PGA: Ryder Cup-Day 1

Rory McIlroy apparently read the IOC rules

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Despite the fact that R&A chief executive Peter Dawson assumed last week that Rory McIlroy will be forced to play for Ireland at the Rio Games, the world No. 2 golfer understands he still has a choice regarding which team he competes for, according to Paragraph 2 of IOC Rule 41.

“If you play for a country and then you either change nationality or whatever or if you don’t play for that certain country for three years, you still have a choice,” McIlroy said Wednesday.

“I haven’t played for anyone, I guess, since 2011, end of 2011 World Cup. Obviously, going into the Olympics that will be five years, so I’ll still have a choice.”

He and his Northern Ireland countryman Graeme McDowell can play for either Ireland or Great Britain when golf returns to the Olympics in 2016, but, really, either choice will be incredibly unpopular.

They’ve asked the IOC to step in and make the decision, but so far that request has gone unanswered. So now it seems McIlroy is willing to make the decision for himself. Or just make no decision and wait until September, when he’ll have run out of time and default to Ireland. Either way.

Yulia Stepanova, doping whistleblower, appeals her Olympic ban

AMSTERDAM, NETHERLANDS - JULY 06:  Yuliya Stepanova looks on after finishing last in the Womens 800m heats during day one of the 23rd European Athletics Championships at Olympic Stadium on July 6, 2016 in Amsterdam, Netherlands.  (Photo by Matthew Lewis/Getty Images for European Athletics )
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Whistleblower Yulia Stepanova‘s hopes of competing in the Summer Olympics are all but over. Her fight to expose doping and corruption is not.

“It’s OK to lose a good fight,” Stepanova’s husband, Vitaly Stepanov, told The Associated Press on Monday.

They have appealed to the International Olympic Committee to reverse its decision, handed down Sunday, that denies Stepanova a chance at competing in the Rio Games, which begin Aug. 5. The decision, the Stepanovs claim, is based on incorrect information, including the IOC’s framing of Stepanova’s decision to become a whistleblower as a too-little-too-late desperation play made after the Russian team had cast her aside.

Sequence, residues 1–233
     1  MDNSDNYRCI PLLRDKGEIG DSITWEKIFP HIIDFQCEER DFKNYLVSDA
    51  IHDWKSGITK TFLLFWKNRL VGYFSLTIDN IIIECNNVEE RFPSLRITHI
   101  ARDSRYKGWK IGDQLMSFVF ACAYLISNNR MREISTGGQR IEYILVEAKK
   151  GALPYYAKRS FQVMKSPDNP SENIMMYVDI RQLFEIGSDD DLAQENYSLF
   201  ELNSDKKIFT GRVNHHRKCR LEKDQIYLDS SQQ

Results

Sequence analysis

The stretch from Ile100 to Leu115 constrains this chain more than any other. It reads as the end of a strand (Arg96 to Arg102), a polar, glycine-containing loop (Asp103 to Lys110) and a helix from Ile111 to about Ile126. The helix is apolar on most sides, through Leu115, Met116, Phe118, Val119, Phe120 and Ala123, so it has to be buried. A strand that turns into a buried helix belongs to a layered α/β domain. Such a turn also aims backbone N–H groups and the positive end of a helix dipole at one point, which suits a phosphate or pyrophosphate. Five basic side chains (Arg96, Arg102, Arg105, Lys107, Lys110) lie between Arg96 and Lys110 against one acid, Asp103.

It’s a conclusion that both the World Anti-Doping Agency and track’s governing body, the IAAF, disagree with; both recommended Stepanova be allowed to compete in Rio.

But Stepanov said he received several signals that the IOC would not go along, beginning with a general lack of interest from the key decision makers. He said that during the push for Olympic eligibility, he spoke with two separate IOC officials for a total of 90 minutes.

“I think what the IOC didn’t do is spend enough time to understand how big the problem is in Russia and how much covering up is happening in Russian sports,” he said.

Stepanova was the 800-meter runner who was entrenched in the Russian doping system but later came forward with details about the cheating. That triggered investigations that led to the banning of the Russian track team from the Olympics. After receiving more information about Russian sports as a whole, the IOC opted against a ban of the entire Russian team.

Part of that decision included a ruling that any Russian with a previous doping ban would not be allowed in Rio. That includes Stepanova, though the legality of that ruling is in question: In 2011, the Court of Arbitration for Sport invalidated the IOC’s Rule 45, which called for Olympic bans for any athlete who’d served more than a six-month doping penalty. CAS said it amounted to double jeopardy.